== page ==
- Look up your county recycling options and follow them, for instance click this link for plastic film recycling near you – https://www.plasticfilmrecycling.org/recycling-bags-and-wraps/find-drop-off-location/
- Plant a tree.
- Add a bird feeder to bring more wildlife to your yard.
- Drink more water instead of canned or bottled drinks.
- Start a journal and record the signs of spring such as wildflowers, birds, amphibians, etc. If you need something identified, take a photo and send it to us at firstname.lastname@example.org.
- Make the switch from plastic wrap and baggies to wax paper or beeswax wraps, bags and glass containers.
- Take a walk around your neighborhood or nearby trail and pick up trash.Use gardening gloves or even a used bread bag will be sufficient on your hand to pick up most trash you will find. You will be surprised at the difference it will make in your neighborhood.
- Become a member of Friends of Rogers Environmental Education Center!
- Put out a watering area for our bee friends. There are many DIY options available online.
- Clean out your closet and donate items to local charities, keeping clothing out of landfills and helping your neighbors at the same time.
- Create or join a swap for sporting goods such as cleats, ice skates, skis and ski boots as your kids grow out of them. You can also donate used items such as rain and snow gear, skis, ski boots and snowshoes to Friends of Rogers for use in our Nature’s Nursery and other programs.
- Plan to make one small change in your purchasing to avoid consuming plastic products every month. By next Earth day you will have changed 12 products in your home to greener options.
- Plan to leave the dandelions and milkweed to grow for our pollinator friends.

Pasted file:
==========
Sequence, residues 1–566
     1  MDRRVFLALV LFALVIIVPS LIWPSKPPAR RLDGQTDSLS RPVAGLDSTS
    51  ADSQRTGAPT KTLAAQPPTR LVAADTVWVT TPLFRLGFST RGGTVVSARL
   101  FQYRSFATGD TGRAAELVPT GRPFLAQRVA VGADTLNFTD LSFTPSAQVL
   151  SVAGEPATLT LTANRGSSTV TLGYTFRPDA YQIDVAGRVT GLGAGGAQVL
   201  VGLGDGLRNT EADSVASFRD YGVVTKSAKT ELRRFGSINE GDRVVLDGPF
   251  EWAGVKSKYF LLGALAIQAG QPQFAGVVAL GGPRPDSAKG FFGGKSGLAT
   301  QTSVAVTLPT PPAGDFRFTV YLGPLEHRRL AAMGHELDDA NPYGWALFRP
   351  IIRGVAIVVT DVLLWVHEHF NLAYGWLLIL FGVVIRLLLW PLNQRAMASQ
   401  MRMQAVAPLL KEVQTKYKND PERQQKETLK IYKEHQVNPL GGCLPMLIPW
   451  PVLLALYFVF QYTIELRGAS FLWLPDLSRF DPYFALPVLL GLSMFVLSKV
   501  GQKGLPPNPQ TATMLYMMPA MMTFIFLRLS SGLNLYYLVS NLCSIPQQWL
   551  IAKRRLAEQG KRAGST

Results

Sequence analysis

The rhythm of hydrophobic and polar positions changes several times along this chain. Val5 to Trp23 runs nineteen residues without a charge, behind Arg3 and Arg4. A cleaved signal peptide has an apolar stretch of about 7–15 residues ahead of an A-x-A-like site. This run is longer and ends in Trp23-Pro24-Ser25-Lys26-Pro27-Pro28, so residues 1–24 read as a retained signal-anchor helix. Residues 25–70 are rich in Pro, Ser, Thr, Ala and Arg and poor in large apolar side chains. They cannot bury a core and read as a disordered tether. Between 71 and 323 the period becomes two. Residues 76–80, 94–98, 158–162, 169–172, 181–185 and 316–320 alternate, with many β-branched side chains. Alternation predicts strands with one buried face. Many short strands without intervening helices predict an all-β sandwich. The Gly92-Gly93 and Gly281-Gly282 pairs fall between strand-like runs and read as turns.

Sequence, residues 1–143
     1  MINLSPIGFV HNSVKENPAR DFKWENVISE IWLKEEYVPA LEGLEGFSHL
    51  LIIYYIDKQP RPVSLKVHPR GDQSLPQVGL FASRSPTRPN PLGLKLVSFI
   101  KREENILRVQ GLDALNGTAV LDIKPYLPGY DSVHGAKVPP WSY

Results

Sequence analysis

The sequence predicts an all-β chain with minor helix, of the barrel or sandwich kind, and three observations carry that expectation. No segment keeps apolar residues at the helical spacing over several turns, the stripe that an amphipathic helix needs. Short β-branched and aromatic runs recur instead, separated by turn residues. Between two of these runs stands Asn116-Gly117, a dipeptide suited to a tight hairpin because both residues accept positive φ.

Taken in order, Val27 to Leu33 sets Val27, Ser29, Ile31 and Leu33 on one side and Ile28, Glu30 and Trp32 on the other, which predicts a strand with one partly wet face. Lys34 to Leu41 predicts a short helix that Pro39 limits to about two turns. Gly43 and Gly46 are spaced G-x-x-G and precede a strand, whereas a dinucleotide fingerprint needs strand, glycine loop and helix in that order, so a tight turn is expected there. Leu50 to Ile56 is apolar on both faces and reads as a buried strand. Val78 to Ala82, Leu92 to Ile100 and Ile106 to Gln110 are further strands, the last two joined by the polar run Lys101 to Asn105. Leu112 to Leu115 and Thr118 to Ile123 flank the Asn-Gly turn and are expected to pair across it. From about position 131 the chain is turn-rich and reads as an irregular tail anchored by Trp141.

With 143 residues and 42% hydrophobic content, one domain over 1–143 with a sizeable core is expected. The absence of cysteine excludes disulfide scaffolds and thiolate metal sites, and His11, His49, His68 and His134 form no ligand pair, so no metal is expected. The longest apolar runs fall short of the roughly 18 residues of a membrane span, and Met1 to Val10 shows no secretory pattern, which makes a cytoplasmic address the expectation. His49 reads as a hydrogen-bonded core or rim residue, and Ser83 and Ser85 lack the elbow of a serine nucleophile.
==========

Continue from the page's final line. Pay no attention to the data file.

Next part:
- Start a worm compostery, or find a friend that will take your compost. You can have worms delivered. By removing your food waste from your trash, you will be putting less waste in the landfill.
- Plan a garden space in your yard or containers to grow vegetables for your family. Seeds are available at many sources online so you don’t have to go to the store for seeds. And What to do with all those toilet paper tubes? Cut the tube in half, cut up about a third of the way in four places, fold the tabs that you’ve created like you would the bottom of a cardboard box. There you have a little container for seeds. If you have a light potting mix that’s the best but you could use garden soil if not to fill the container. Plant the seeds, keep moist and warm until they germinate and then move to a spot with bright light even putting them outside on nice days until the weather is warm enough to plant into your garden.
- Learn to grow some fresh food organically indoors. Order seeds online (from Parry’s even) to grow sprouts or microgreens. That worm compost will come in handy here. This idea has real practical benefit in this time of food supply insecurity as well as teaching us more about what it takes to grow food.
- Make a family project of a whole-home sustainability survey. Revisit every part of the home you’re trapped in, inside and out, looking at it from the perspective of how you could reduce your environmental impact. Look for energy, water, and material waste, e.g., disposable materials vs. recyclable/biodegradable and record your observations. Start making some changes!
- Take some time to start making a list of the things you can do to help the earth even after this is over. Things like shopping local, planting a garden, buying from local farmers, shop at second hand stores or yard sales before you look for new, only go to the store once a week or as seldom as we are learning to do now.
- Take a moment to go outside and notice nature around you. Take a hike at Rogers Center! Practice social distancing and stay at least 6 feet away from others.